The role of spontaneous retinal activity before eye opening in the maturation of form and function in the retinogeniculate pathway of the ferret

Vis Neurosci. 1999 May-Jun;16(3):491-501. doi: 10.1017/s0952523899163107.


During early mammalian development, inputs from the two retinas intermix within the lateral geniculate nucleus (LGN), then segregate during the first postnatal week into layers that receive input from a single retina. Functionally, the LGN also changes markedly during the first postnatal month; early geniculate responses to retinal input are mainly excitatory, then inhibitory circuits mature within the LGN. These remarkable changes in form and function of the retinogeniculate pathway occur at a time when patterned visual activity is not present, but retinal ganglion cells already manifest spontaneous action potential activity. To examine the role of early retinal activity in these critical developmental processes, we placed the slow release polymer Elvax embedded with tetrodotoxin (TTX) into the vitreous chamber of one or both eyes of neonatal ferrets. Animals receiving monocular injection of TTX had the other eye treated with Elvax containing control citrate buffer. Intraocular injection of horseradish peroxidase was made at the end of the period of TTX treatment to reveal the retinal terminals in the LGN. Chronic monocular or binocular blockade of retinal activity during the first postnatal week did not prevent eye-specific segregation, although it made the boundaries between layers less distinct. Retinal terminals ended preferentially in the appropriate layer, but a large number of terminals were also present in the inappropriate layer. Further segregation was achieved during the second postnatal week of activity blockade, when most retinal terminals ended preferentially in the appropriate geniculate layer and sharper layer boundaries were present. However, a small but significant number of terminals still extended into the inappropriate layer. Together, these findings indicate that monocular as well as binocular blockade of retinal activity resulted in some anomalous retinogeniculate projections and delayed eye-specific patterning, but segregation was largely intact at the end of the second postnatal week. We also report here that intraocular tetrodotoxin had a marked effect on the maturation of intrinsic geniculate circuits prior to eye opening. Whole-cell patch-clamp recordings in the LGN slice preparation revealed that activity blockade prevented the maturation of the slow, but not the fast, hyperpolarizing potential of LGN neurons during the first postnatal month and up to P38, the oldest age studied. In conclusion, these results indicate that spontaneous retinal activity modulates the time course of binocular segregation but does not alone account for the segregation of retinogeniculate terminals. However, early retinal activity plays an important role in developing the intrinsic circuitry of the LGN.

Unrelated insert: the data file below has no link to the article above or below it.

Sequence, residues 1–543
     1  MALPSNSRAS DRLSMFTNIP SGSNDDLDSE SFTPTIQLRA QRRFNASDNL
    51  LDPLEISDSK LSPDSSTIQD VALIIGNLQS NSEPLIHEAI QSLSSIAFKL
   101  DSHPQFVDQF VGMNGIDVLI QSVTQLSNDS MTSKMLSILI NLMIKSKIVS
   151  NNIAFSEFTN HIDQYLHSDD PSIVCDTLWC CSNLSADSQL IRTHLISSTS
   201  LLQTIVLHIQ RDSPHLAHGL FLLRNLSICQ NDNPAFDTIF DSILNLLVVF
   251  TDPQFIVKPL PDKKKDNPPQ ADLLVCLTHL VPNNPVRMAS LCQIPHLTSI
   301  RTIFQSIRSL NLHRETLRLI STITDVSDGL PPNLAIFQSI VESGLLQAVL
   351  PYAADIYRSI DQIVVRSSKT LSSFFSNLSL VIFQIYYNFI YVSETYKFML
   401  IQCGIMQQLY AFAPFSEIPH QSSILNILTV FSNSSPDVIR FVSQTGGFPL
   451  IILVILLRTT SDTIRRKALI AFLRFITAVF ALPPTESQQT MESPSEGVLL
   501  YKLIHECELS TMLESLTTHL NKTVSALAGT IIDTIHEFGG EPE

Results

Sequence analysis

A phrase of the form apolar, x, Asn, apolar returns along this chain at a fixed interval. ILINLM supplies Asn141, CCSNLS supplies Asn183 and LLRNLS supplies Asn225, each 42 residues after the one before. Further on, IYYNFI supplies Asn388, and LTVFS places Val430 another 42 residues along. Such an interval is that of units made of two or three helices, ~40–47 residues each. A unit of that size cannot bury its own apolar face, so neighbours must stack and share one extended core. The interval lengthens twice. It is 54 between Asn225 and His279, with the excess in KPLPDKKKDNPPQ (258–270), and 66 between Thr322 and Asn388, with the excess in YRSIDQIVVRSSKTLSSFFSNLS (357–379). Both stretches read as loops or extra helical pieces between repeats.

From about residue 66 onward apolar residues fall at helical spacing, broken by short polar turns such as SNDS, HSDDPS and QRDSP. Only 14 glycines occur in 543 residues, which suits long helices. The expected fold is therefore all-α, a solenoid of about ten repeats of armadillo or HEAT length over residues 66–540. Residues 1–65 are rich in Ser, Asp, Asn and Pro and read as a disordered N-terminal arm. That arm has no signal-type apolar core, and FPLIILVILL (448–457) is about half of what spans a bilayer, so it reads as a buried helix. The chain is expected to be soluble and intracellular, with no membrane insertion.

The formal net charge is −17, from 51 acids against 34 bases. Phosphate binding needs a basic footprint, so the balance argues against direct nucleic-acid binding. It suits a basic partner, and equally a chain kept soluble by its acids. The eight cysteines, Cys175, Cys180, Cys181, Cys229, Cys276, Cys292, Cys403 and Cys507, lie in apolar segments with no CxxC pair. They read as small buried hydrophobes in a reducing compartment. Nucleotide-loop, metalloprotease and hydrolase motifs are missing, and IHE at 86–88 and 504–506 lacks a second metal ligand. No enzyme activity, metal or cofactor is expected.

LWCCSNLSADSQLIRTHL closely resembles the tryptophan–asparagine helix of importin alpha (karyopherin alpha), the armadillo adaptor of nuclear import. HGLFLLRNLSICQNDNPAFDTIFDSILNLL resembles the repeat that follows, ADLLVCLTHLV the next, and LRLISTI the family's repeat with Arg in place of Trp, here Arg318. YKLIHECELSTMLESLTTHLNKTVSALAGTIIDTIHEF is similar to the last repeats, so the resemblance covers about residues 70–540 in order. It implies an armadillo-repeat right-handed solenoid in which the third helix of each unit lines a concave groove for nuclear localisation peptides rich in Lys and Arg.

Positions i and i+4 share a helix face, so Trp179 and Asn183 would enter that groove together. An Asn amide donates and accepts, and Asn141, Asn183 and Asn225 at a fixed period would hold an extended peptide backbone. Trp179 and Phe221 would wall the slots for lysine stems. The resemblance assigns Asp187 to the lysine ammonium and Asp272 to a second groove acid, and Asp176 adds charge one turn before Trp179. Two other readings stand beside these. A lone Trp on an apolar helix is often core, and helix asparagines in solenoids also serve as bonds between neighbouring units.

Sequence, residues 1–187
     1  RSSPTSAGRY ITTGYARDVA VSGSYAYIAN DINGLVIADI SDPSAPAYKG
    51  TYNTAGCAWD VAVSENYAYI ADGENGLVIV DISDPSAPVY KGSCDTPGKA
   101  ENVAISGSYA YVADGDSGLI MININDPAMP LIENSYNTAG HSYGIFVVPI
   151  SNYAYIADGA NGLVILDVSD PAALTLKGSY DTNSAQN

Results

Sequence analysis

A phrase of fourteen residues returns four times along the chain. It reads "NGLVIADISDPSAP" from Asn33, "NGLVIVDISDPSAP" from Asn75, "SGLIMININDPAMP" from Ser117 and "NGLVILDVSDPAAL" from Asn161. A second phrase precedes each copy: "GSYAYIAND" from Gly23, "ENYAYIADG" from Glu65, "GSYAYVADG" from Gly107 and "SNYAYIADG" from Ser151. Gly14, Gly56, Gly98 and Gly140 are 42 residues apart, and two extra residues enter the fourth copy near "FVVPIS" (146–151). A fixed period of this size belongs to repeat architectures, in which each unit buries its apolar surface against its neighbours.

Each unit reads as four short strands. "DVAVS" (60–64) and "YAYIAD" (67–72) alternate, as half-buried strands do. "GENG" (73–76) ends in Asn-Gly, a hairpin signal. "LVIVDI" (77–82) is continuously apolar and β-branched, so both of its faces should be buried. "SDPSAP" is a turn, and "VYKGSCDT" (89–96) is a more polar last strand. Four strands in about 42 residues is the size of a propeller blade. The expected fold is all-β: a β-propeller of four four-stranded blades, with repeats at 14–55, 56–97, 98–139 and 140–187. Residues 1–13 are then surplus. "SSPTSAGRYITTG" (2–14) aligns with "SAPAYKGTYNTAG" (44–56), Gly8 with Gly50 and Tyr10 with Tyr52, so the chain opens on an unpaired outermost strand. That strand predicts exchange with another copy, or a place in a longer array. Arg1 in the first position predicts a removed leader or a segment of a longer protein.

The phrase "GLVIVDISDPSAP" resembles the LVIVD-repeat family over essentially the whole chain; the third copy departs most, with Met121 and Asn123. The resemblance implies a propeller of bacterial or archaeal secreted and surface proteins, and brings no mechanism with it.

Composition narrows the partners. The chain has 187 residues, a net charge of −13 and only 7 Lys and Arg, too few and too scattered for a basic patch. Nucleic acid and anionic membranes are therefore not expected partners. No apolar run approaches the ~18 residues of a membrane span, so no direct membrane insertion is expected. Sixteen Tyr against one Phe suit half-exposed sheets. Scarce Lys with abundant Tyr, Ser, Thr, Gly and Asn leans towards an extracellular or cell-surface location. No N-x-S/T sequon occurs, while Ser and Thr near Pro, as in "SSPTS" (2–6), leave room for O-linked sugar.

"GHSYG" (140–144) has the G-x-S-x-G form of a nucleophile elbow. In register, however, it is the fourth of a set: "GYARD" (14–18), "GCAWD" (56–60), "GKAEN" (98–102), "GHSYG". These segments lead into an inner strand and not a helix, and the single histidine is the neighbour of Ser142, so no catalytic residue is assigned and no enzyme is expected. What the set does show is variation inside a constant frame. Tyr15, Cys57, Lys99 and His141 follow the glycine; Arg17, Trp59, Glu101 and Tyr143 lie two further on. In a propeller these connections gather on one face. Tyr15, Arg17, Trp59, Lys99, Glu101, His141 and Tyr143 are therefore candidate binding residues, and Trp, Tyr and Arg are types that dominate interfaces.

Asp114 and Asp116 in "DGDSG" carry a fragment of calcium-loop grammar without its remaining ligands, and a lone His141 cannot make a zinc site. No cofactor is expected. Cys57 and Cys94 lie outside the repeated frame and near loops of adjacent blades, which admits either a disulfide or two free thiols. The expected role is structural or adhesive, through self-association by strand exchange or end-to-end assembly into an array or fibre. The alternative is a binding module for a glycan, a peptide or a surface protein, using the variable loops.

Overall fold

Publication types

  • Research Support, Non-U.S. Gov't
  • Research Support, U.S. Gov't, Non-P.H.S.
  • Research Support, U.S. Gov't, P.H.S.

MeSH terms

  • Action Potentials / drug effects
  • Action Potentials / physiology
  • Animals
  • Ferrets
  • Geniculate Bodies / drug effects
  • Geniculate Bodies / growth & development
  • Geniculate Bodies / physiology*
  • Patch-Clamp Techniques
  • Retina / drug effects
  • Retina / growth & development
  • Retina / physiology*
  • Synaptic Transmission / drug effects
  • Synaptic Transmission / physiology
  • Tetrodotoxin / pharmacology
  • Visual Pathways / drug effects
  • Visual Pathways / growth & development
  • Visual Pathways / physiology*


  • Tetrodotoxin